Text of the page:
The Pound yesterday succumbed to major pressure from the Euro, taking the rate down to 8 year lows, sitting just above 1.08. The main drop came after record Purchasing Managers Index data for Germany, along with better than expected reading for the entire Eurozone. Essentially rather than the movement yesterday being due to Sterling weakness it was very much Euro strength.
There is a large amount of optimism surrounding the major powers in Eurozone with several of the main countries performing and some of the weaker economies coming back to growth. The big question that now remains for the Eurozone is whether or not the European Central Bank (ECB) will act on the latest movements. The ECB have flirted with the idea of tapering back the bond buying program and have been reluctant to raise interest rates, but surges in the economy could force their hand.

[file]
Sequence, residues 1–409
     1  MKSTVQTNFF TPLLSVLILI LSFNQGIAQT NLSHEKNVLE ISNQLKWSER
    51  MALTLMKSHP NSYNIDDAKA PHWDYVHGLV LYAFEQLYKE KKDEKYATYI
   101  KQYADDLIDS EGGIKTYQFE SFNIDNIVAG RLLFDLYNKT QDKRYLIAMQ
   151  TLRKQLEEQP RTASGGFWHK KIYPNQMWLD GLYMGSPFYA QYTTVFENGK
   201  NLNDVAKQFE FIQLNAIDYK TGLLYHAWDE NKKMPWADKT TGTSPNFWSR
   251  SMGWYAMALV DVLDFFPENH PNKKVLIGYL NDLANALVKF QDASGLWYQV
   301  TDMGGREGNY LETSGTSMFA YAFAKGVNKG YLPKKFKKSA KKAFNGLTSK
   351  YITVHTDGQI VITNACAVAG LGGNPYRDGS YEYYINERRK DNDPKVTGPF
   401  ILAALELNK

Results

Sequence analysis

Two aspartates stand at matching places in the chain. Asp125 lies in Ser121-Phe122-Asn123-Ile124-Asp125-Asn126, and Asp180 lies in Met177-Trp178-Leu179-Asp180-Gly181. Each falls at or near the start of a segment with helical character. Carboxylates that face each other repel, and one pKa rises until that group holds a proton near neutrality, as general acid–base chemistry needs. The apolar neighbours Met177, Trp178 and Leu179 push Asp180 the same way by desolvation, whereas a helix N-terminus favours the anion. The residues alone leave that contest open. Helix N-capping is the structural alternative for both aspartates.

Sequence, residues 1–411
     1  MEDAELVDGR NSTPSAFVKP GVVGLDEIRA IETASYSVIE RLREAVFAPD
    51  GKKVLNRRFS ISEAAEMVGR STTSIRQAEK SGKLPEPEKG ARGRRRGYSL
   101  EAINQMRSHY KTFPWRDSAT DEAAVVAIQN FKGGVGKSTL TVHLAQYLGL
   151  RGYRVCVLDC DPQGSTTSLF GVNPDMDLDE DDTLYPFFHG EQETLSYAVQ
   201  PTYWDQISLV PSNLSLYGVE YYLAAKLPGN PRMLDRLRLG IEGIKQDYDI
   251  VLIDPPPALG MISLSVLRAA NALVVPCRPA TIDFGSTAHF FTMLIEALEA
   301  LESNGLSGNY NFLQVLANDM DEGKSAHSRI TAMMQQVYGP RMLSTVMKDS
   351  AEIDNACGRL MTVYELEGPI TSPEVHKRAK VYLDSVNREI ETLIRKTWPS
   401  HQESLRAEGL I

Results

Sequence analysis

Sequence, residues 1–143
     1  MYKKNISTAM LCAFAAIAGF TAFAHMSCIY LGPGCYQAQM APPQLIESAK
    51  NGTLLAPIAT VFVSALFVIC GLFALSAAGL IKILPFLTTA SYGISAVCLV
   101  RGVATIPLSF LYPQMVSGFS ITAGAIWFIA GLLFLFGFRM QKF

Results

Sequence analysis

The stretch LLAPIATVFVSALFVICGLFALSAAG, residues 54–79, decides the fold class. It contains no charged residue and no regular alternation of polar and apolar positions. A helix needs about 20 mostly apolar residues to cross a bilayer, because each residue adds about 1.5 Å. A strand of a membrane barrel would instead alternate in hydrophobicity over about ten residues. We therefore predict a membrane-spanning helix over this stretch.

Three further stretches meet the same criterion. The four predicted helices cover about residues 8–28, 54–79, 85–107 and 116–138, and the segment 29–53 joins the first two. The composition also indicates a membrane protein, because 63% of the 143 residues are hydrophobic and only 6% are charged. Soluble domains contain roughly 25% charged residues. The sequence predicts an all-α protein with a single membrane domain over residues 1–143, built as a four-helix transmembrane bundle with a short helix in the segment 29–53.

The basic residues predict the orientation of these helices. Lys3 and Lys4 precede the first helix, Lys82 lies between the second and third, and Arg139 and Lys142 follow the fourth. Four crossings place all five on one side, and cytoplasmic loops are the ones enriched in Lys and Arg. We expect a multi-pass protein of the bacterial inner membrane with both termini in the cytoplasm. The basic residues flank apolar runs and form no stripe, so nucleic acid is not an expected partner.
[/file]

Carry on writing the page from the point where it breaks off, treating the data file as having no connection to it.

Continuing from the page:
Mario Draghi, President of the European Central Bank will speak tomorrow at the Jackson Hole Symposium which is a meeting of many of the world’s economic leaders. Mr Draghi used this platform last year to announce the start of the Quantitative Easing and could potentially use it once more to hint at economic policy.
The one concern for the Eurozone is the currency could begin to get to strong. If the Euro does move closer to parity then the cost of buying European goods will increase and could cause buyers to look elsewhere. This could have a longer term effect on the growth for EU, furthermore the low rate could start to have a significant effect on British tourists coming to Europe as it may get to expensive. For many of the southern EU nations where they rely on tourism it could have a major impact. The issues presented by a extended period of Euro strength does seem to be something on the minds of the ECB, with their suggestions recently that a strong Euro was not desirable.